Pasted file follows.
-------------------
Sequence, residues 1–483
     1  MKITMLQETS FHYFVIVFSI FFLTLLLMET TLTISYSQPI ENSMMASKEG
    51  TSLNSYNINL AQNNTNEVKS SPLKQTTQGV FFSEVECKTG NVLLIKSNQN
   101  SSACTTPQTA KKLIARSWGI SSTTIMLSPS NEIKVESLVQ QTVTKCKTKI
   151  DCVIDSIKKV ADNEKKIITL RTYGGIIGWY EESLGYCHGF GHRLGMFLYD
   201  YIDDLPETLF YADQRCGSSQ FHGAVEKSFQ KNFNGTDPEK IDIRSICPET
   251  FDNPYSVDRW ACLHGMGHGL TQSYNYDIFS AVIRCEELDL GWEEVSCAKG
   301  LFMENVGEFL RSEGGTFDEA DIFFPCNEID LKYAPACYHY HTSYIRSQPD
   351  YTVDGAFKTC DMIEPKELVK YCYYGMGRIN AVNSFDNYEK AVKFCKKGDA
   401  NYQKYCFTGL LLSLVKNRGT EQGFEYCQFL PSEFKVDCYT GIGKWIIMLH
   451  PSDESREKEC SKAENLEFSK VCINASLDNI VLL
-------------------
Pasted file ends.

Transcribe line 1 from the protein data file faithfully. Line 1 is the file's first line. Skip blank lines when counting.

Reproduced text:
Sequence, residues 1–483